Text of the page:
To understand Article 102 of the UN Charter, we first have to understand that the UN Charter is the treaty (an intergovernmental agreement between States) that constituted the United Nations in 1945. It is legally binding upon the contracting States, and it so happens that virtually every country in the world is a member of the UN and therefore legally bound by the Charter.
Article 102 is the first article of Chapter 26:
CHAPTER XVI: MISCELLANEOUS PROVISIONS
- Every treaty and every international agreement entered into by any Member of the United Nations after the present Charter comes into force shall as soon as possible be registered with the Secretariat and published by it.
- No party to any such treaty or international agreement which has not been registered in accordance with the provisions of paragraph 1 of this Article may invoke that treaty or agreement before any organ of the United Nations.
In the Charter of the League of Nations, a treaty had to be registered to enter into force, but in the UN Charter a treaty (or international agreement – both expressions are used to ensure broad coverage) can enter into force without being registered. However, the UN Member States have undertaken the legal obligation to register their treaties and there is an incentive (or rather a penalty) if a treaty is filed: only registered treaties can be invoked before the UN Organs, including the Security Council and the International Court of Justice.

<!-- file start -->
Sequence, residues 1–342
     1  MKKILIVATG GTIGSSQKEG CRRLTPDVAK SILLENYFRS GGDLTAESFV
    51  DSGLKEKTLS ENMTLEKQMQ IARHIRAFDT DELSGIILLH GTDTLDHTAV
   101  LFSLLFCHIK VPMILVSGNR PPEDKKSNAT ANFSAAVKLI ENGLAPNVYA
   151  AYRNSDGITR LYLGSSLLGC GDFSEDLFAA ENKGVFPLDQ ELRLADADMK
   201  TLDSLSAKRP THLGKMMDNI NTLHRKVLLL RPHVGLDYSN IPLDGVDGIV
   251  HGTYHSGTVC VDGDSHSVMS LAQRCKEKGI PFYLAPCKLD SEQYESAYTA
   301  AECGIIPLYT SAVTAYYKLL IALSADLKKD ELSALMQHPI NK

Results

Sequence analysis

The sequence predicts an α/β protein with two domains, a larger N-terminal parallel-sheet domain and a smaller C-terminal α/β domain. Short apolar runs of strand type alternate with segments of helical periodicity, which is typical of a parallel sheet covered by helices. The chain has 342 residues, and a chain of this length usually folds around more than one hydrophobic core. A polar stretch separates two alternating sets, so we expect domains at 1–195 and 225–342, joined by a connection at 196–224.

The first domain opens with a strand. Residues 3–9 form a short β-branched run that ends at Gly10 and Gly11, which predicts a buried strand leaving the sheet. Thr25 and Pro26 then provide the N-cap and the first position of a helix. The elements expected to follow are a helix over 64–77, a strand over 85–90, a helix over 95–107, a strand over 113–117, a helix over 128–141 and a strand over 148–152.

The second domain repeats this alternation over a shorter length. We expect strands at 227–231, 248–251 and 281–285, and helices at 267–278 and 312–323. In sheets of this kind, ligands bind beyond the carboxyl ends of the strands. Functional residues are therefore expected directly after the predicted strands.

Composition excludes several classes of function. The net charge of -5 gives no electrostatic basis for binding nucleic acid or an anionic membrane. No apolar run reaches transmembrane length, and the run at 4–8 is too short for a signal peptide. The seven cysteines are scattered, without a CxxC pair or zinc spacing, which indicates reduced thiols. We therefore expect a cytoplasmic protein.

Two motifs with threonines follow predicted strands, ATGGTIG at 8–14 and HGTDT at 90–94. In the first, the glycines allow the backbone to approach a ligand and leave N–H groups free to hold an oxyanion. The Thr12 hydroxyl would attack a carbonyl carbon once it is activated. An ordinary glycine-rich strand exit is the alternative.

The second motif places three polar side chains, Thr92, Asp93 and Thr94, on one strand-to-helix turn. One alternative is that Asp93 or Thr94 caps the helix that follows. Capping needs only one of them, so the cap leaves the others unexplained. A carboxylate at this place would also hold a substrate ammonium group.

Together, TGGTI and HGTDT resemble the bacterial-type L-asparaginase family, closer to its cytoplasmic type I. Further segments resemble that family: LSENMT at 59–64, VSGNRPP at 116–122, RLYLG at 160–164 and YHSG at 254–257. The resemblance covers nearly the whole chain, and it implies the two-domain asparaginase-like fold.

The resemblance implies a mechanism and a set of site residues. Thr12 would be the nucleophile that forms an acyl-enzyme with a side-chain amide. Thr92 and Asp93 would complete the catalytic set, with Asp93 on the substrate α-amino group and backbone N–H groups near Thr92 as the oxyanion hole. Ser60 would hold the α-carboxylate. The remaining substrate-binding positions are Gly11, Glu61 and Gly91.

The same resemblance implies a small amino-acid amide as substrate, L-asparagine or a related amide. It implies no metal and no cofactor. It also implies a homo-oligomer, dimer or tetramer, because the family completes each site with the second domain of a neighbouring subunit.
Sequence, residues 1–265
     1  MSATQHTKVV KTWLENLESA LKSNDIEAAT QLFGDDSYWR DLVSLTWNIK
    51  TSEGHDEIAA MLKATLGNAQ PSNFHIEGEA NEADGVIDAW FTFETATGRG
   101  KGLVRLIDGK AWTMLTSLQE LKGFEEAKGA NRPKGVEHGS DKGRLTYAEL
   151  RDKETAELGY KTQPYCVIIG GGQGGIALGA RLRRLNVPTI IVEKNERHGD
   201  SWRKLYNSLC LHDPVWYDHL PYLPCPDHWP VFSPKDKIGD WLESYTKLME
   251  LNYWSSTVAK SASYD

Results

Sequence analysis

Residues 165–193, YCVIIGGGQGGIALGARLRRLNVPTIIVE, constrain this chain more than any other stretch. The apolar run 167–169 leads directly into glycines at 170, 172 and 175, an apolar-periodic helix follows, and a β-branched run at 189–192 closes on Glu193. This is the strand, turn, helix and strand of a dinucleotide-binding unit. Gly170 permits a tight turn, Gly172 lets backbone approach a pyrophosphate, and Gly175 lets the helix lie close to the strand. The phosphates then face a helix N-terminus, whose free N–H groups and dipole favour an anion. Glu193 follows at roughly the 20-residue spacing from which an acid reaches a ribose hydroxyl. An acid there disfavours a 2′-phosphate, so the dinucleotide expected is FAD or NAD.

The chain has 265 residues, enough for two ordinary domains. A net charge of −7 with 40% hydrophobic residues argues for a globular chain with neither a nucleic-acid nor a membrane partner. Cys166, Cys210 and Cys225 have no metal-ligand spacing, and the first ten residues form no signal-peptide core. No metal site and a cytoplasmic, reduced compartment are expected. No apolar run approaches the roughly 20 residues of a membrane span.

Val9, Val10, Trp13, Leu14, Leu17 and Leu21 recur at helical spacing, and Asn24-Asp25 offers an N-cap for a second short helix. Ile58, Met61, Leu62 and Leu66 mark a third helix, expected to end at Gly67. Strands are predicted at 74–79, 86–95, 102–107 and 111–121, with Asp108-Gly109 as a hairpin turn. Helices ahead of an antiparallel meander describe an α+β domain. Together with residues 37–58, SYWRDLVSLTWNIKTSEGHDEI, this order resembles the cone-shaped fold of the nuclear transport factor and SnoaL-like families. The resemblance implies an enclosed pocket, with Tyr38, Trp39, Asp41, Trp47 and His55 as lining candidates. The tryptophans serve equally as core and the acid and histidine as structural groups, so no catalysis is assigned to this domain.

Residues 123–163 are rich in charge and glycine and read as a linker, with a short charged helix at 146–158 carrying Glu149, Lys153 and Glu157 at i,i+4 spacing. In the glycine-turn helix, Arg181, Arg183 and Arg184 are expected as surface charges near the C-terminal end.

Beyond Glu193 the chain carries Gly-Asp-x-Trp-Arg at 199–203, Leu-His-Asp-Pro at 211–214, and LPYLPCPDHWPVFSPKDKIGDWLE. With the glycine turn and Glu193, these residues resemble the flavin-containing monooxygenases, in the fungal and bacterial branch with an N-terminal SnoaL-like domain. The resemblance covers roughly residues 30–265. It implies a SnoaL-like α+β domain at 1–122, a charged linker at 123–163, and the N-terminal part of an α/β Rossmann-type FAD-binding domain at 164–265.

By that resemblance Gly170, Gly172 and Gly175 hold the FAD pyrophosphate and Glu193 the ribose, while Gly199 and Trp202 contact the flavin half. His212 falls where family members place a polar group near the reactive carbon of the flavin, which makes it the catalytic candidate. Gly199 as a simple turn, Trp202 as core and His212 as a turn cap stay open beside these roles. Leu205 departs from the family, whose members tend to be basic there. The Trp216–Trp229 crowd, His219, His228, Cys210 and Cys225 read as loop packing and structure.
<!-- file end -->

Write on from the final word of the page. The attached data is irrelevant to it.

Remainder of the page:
ARTICLE 102 OF THE UN CHARTER APPLIED TO THE EUCLID TREATIES
Like the United Nations, EUCLID (Euclid University) is an intergovernmental organization constituted with a Charter. However, there is also an obvious in the intention and method of the States since one is a universal organization with broad powers established in 1945 (the UN) and the other is a specialized organization with a specific background and defined with a less formal treaty process. One thing is sure, any intergovernmental established by treaty (amazingly, there are a few not established by treaty!) should have its constitutive treaty (charter or charta) processed under the terms of Article 102. The Article says that all the States involved should in theory do the filing, but in practice, a well-written treaty will designate a State (or organization) entrusted with the task, called depositary.
In the case of the EUCLID treaties, the initial formal filing was done by the States, but the UN Secretariat, having received the instructions of the States to proceed with the registration, opted to follow the practice of the UN Secretariat and to get the actual registration coordinated with the depositary, in this case the EUCLID Secretary General.